Peter says of the ancient world, “the Divine longsuffering waited in the days of Noah, while the ark was being prepared…” This too is an essential feature of the Grace of Christ as God is “longsuffering toward us… not willing that any should perish but that all should come to repentance.” (2 Peter 3:9) Next Peter carries us to the plan, now watch this –“…while the ark was being prepared, in which a few, that is, eight souls, were saved through water.” Examine the passage. The antecedent of “in which” is the ark. The ark was where the eight souls survived and were saved by following in faith the plan of God. (Hebrews 11:7) In like manner there is a plan given to men today. Those who hear the message of Christ’s Gospel, and in faith accept it unto obedience, repent of their sins, confess the divine sonship of Christ and are baptized in water for the remission of sins (Rom. 10:17; Luke 13:3; Matthew 10:32; Acts 2:38) are saved by Christ.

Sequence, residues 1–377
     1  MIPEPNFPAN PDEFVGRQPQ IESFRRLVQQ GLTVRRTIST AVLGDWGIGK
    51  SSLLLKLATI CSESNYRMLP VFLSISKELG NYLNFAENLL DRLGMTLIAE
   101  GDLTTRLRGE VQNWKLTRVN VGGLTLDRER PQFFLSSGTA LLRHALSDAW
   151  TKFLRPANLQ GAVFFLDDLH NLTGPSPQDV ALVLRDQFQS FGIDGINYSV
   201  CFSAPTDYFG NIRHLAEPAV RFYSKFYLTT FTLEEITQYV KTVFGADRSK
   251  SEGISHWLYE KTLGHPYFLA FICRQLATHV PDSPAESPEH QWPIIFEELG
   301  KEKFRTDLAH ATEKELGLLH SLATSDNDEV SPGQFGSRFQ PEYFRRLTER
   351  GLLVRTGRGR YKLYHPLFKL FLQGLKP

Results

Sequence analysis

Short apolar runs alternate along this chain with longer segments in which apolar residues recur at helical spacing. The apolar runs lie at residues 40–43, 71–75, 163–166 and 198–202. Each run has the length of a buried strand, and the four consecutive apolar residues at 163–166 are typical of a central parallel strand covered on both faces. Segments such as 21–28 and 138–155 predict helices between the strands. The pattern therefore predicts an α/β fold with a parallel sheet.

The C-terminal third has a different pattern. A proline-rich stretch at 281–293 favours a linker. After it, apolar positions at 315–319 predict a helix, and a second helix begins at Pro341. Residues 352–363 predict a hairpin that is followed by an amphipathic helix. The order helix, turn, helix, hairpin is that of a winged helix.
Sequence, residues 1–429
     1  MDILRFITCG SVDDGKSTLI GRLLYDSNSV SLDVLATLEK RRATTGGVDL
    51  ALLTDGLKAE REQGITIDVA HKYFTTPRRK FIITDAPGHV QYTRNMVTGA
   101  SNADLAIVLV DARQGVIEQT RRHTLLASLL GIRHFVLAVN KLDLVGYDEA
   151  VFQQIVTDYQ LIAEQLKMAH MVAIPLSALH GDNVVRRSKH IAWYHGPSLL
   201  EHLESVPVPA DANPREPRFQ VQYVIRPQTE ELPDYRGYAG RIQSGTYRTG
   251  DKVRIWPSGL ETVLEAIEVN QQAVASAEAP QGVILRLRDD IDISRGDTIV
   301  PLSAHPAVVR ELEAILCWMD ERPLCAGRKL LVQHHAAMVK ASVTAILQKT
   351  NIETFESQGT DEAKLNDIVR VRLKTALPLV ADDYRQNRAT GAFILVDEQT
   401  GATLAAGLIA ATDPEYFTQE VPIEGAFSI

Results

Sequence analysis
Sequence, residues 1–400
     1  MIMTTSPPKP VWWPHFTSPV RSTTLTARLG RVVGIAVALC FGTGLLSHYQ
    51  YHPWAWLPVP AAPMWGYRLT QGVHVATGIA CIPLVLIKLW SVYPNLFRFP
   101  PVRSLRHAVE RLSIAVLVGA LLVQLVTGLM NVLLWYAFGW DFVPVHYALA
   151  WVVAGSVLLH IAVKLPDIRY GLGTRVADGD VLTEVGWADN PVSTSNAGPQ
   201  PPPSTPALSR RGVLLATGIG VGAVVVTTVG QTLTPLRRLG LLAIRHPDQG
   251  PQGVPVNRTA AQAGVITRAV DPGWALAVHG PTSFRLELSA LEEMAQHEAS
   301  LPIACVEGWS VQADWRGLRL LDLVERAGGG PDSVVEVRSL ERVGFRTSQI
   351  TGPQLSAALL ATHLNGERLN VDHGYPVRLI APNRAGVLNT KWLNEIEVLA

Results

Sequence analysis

That is the plan for man to follow, but the plan is efficacious because of and by the power of God. Notice, “in which a few, that is eight souls, were saved through water.” Here the salvation of Noah and his family is not attributed only to the ark but also to the flood! Pay close attention. If Noah and his family had built the ark correctly and trusted in God and entered into it, that alone would not have saved them from the wrath of God toward the evil and sin of the world. The wickedness had to be taken away in order for the family of Noah to be truly saved. That is precisely what the flood did! It washed the world clean of all unrighteousness and gave a new life to those who had obeyed God.
Peter writes that this same thing occurs in our obedience to the Gospel when we are baptized. While a mere dipping in water would normally profit us nothing, baptism as obedience to the gospel is given power by the resurrection of Jesus Christ so that it is not merely an outward cleansing, but an inward cleansing. (Acts 22:16; Col. 2:12) As the flood waters did to the ancient world, in baptism our souls are washed from all sin by the blood of Christ. This is what it means to be saved by the grace of God. For someone to suggest that salvation by grace would exclude baptism or any other act of obedience shows a fundamental misunderstanding of what grace is. Not some ethereal force, but the goodness and favor of a loving God for his creation, man.